The Christmas cactus has a talent for causing confusion.
A large part of this is the fact that many growers mix up this Schlumbergera with its siblings, the easter cactus and Thanksgiving cactus.
This can lead to a plant that doesn’t bloom when you expect it to.
But there’s another issue that can cause a lot of head-scratching, and that is when the leaves of your Christmas cactus turn purple.
Why are My Christmas Cactus Leaves Turning Purple?
It’s normal to see a bit of purple tint on a Schlumbergera, but not for it to become the dominant color.
Caused by improper care, this discoloration is easy to diagnose and remedy. Here are the most common reasons:
Giving your Christmas cactus too much or too little water is an easy mistake to make, but it can have serious consequences.
Underwatering can lead to several symptoms, with purpling being a less common one.
In the event you’ve returned from vacation to find the soil completely dry, don’t pour a gallon of water on your plant. Slowly add a small amount of water every day for 2 to 3 days until the soil is moist at the drainage holes.
Overwatering is far more serious, as the purpling could be a sign of root rot.
Root rot happens when the plant’s roots are exposed to too much water and prevents the roots from absorbing water and nutrients properly.
It can also kill the plant if not treated quickly enough.
To prevent watering issues, practice the soak-and-dry method with your Christmas cactus.
This means checking the soil every few days and watering only when it’s dry ⅓ of the way down the pot.
Add the water slowly and evenly until it begins to seep from the drainage holes.
Nutrition Or Better Malnutrition
You probably already know that plants need nitrogen, phosphorus, and potassium (the NPK in fertilizers), but that’s not all they need.
Trace minerals such as iron and copper also play an important role.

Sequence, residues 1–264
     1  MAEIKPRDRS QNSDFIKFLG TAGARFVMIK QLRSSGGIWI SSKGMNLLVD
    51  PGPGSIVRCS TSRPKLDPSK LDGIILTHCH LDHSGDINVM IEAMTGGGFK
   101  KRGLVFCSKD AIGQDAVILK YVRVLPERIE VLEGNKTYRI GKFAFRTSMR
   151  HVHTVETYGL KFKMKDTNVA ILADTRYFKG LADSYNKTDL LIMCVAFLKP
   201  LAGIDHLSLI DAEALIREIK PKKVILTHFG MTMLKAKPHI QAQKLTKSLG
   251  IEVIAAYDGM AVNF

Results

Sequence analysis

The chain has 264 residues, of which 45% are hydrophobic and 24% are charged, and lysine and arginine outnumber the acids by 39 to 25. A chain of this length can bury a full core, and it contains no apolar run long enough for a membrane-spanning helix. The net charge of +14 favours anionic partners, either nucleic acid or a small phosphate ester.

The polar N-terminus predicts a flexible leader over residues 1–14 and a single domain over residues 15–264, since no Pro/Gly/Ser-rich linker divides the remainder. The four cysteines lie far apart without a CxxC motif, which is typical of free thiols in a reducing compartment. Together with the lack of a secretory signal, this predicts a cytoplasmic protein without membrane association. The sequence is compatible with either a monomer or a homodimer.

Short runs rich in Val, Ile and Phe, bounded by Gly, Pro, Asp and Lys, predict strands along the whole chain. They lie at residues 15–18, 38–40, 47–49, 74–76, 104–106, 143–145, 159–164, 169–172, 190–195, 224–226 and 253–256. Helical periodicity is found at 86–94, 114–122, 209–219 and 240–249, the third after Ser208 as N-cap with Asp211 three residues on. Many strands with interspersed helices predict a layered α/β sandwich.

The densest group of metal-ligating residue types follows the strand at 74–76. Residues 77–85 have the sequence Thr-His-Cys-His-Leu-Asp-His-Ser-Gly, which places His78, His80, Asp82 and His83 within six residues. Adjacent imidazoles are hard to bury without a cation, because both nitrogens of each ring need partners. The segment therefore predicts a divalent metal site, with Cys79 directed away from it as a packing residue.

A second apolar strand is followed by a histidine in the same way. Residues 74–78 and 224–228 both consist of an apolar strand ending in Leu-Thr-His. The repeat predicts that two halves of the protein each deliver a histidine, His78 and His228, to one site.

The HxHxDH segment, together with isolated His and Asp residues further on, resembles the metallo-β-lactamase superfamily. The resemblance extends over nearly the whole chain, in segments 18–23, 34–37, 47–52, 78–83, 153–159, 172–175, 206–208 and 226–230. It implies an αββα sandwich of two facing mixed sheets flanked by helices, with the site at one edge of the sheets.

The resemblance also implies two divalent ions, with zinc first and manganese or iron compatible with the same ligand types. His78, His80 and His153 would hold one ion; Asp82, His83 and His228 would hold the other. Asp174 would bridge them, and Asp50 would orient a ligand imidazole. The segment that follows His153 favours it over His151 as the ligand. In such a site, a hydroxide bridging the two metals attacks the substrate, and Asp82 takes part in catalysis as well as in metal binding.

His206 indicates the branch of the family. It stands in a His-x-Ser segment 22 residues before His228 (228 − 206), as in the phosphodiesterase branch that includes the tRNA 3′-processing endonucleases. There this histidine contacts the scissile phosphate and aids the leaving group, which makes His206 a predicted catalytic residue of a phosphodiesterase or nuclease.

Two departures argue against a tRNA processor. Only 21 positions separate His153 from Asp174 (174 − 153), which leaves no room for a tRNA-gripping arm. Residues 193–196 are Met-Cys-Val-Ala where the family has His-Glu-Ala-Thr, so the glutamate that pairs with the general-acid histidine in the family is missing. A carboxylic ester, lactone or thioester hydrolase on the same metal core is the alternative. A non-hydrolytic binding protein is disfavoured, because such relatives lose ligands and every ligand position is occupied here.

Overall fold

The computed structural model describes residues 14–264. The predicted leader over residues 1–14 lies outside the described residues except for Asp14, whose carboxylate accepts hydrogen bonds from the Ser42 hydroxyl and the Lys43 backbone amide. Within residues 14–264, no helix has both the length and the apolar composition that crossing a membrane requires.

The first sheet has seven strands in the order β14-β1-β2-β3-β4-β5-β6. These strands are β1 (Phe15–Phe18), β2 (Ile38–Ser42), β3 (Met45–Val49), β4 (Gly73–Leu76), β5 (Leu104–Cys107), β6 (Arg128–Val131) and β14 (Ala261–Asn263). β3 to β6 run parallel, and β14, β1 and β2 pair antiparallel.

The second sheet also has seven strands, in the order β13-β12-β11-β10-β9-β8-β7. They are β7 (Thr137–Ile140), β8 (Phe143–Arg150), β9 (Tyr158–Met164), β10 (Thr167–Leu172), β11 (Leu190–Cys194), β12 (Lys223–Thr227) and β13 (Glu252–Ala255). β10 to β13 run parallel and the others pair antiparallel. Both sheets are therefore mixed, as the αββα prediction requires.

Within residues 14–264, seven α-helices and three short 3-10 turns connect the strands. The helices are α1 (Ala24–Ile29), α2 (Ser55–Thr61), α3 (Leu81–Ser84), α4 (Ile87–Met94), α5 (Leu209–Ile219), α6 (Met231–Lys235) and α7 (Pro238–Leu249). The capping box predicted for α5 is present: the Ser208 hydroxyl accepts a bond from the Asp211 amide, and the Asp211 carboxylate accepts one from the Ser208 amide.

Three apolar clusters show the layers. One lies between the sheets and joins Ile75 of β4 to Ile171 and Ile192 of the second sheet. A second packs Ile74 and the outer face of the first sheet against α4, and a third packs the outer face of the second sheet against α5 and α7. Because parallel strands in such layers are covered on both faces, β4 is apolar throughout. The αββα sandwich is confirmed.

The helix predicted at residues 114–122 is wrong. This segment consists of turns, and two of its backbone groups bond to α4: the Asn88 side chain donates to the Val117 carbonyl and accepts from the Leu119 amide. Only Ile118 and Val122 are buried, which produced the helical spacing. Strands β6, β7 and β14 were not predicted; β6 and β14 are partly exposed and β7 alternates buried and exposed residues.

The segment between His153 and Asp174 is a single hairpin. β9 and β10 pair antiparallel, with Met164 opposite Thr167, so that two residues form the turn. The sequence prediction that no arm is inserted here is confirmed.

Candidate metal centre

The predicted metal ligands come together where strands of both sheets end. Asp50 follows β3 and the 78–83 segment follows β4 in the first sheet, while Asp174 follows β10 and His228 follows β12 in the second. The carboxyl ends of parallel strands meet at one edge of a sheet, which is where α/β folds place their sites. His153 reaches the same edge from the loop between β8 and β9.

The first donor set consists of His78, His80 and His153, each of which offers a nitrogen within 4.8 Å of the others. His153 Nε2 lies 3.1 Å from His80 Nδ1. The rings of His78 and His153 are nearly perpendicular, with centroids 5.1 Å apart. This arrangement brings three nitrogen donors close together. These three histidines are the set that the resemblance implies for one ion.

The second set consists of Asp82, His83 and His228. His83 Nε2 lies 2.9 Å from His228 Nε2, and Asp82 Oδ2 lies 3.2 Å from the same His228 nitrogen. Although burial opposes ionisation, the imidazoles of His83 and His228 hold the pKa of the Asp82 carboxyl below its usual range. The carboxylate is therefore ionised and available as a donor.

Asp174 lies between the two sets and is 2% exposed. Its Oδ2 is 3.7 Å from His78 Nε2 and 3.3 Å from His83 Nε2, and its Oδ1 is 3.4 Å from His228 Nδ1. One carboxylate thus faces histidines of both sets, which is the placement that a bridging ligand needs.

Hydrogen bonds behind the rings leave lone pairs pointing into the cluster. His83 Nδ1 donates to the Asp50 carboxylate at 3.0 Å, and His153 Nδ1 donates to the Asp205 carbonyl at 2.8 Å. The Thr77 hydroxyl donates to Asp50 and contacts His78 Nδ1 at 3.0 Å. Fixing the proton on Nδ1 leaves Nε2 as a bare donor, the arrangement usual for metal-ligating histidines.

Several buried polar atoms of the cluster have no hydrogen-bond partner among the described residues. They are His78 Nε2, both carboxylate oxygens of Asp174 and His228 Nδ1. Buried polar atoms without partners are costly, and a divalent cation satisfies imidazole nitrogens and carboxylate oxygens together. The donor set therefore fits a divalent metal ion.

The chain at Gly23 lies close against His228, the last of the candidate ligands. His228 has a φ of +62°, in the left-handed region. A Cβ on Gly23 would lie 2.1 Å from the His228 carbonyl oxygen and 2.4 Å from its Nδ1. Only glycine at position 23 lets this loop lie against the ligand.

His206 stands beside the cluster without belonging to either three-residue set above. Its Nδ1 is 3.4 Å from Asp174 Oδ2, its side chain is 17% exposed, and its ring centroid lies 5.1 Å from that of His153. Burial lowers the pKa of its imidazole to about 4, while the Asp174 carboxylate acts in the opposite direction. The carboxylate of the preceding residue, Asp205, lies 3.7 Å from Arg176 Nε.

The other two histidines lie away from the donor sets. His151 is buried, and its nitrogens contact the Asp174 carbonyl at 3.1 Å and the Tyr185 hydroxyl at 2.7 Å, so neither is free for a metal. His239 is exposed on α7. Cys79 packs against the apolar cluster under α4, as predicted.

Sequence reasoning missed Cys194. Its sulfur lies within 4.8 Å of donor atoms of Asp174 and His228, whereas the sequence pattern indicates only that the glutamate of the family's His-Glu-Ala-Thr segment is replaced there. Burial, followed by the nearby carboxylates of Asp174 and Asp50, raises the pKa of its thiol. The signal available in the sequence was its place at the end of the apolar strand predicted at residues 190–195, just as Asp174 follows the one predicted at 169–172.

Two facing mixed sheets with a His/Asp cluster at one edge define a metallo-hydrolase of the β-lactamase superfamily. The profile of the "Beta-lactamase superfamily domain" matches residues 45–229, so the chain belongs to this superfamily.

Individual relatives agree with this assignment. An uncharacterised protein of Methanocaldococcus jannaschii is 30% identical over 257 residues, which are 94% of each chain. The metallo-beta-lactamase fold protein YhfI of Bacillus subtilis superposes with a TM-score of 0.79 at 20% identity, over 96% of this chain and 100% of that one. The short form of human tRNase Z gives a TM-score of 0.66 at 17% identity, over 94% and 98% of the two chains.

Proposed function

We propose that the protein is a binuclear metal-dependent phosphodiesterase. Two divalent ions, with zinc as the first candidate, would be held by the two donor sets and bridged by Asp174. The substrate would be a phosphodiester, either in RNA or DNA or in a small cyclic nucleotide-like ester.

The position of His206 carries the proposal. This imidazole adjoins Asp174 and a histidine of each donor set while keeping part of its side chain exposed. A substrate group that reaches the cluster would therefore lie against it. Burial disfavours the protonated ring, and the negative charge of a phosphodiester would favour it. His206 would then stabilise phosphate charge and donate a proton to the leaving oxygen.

However, Schlumbergeras need a much higher magnesium content than most plants. The common symptom of a magnesium deficiency is that the Christmas cactus plant starts turning purple.
It’s generally a good idea to give your Christmas cactus a diluted balanced liquid houseplant fertilizer every other week from April to October, then stop for the winter.
To combat a magnesium deficiency, you may also wish to add a teaspoon of Epsom salts to the soil as well.
Just be sure to do the salts on the weeks you don’t fertilize and vice-versa so the plant isn’t overwhelmed.
As with most plants, Christmas cacti need to be repotted every few years to replenish the soil and give them room to grow.
When one of these plants becomes rootbound, it can result in the roots being unable to draw sufficient food from the soil, resulting in malnourishment.
It’s easy to diagnose this as the cause by looking for roots poking out of the container’s drainage holes.
You should repot a Christmas cactus every 2 years in the spring, graduating to one container size larger as needed.
Note, however, that Christmas cacti actually like to be a little root-bound, so don’t rush to repot out-of-season unless the plant is showing signs of extreme distress.
Too Much Direct Sunlight
A very common cause of purpling, especially in the summer months, is exposing your Schlumbergera to too much sunlight.
As is the case with most houseplants, Schlumbergera is adapted to live on a forest floor, sheltered by trees.
As a result, you should avoid exposing it to direct sunlight, especially at midday (a little morning or evening sun is okay in moderation).
Ideally, you should have your plant in indirect, bright light or filtered sunlight, such as behind a sheer curtain.
Fixing this particular problem is as easy as moving the plant to a slightly less sunny spot.
Fluctuations in temperature can turn a Christmas cactus purple, just like it can to people.
Ideally, the plant should be kept in temperatures of 70° to 80° degrees Fahrenheit during the day and 60° to 65° degrees Fahrenheit at night.
It’s also best to keep the plant sheltered from drafts or direct line of fire of air conditioners and heaters.